On many fronts, 2020 has been a year of change. The COVID-19 epidemic has changed the way people work and, in turn, catalyzed conversations around the meaning of work and what kinds of jobs people pursue.
Additionally, political and societal friction has triggered much uncertainty in the economy as a whole, which inevitably impacts jobs and employment levels.
A Stanford University study released in June indicated that some 42% of the U.S. labor force worked from home. This seemingly overnight change in how companies do business has transformed many downstream processes, and we will begin to see these new ways of operating become normal.
One process that will change? Hiring.
Working from home
With work-from-home, companies across the country have to adjust hiring processes to take better advantage of digital tools. For many companies, transitioning to a work-from-home arrangement has not been easy.
Managing productivity, maintaining culture, and keeping employees engaged with an organization’s mission is far more challenging in an environment where colleagues don’t get to meet regularly.
Most of an organization’s creativity, ideation, and culture materialize in the small talk in the office hallway or kitchen, or lobby. Individual development and mentorship also emerge in these unscheduled moments throughout a workday too.
The change to a primarily work-from-home arrangement for many companies will inevitably affect these dynamics. Can employees knock on their manager’s door to get a question answered quickly as they could in an office? No, schedule a Zoom meeting, please.
Hiring becomes infinitely more difficult in a virtual environment, and by extension, looking for a job post-Covid will change. Job seekers will no longer have the opportunity to meet hiring teams in person, and this drastically changes an individual’s first impression. This is unavoidable.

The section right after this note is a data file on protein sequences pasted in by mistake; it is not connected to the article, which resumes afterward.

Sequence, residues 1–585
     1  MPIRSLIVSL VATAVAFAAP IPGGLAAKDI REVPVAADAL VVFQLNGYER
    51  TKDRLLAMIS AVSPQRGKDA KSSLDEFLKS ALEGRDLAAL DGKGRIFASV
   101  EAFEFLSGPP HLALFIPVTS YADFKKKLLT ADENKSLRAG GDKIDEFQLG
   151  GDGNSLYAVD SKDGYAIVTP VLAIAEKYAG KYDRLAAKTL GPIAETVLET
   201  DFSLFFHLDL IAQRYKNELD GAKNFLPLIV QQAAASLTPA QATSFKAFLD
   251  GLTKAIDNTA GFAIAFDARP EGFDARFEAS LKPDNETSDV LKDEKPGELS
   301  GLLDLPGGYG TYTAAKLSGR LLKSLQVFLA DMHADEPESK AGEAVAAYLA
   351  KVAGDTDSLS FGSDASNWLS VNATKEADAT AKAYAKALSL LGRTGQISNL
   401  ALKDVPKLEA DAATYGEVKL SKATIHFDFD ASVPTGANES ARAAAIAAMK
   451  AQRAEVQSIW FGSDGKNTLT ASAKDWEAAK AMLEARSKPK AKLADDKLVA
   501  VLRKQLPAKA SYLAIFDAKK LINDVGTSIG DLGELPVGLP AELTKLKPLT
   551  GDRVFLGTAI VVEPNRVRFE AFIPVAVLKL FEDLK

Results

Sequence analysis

A naturally vibrant and competent interviewer in a traditional setting could come off as rigid or contrived in a virtual setting. Candidates will have to practice video interviewing skills in a way they would never have before 2020.
New factors will also come into play for job seekers. What room in their home is most aesthetic for an interview? What does my video background say about me and my priorities?
Is my WIFI connection strong enough to handle a video interview? What do I do if my children run into the room while I’m in the middle of an interview? What happens if there are tech issues during the call?
How well do I work with technology that enables me to integrate into a remote workplace? Can I familiarize myself with time tracking tools, online cloud storage software, and other necessary technical infrastructures?
Job seekers will need to plan their interviews differently and more thoroughly.
For job seekers looking for work in sectors that require in-person attendance, other headwinds are in place. At least through the first two quarters of 2021, the COVID-19 virus will impact how people work in close quarters.
This raises questions around who can perform these jobs and whether sectors like services and hospitality can a) find enough talent to fill open roles and b) generate the business to sustain hiring. The classic chicken or the egg problem.
On the hiring side companies will start to focus on the candidate experience – to levels not seen before 2020. Where companies could lean on office perks and other benefits of in-person camaraderie, companies will need to look at their onboarding and employee support programs.
Relevant: Remote onboarding tips for successful hiring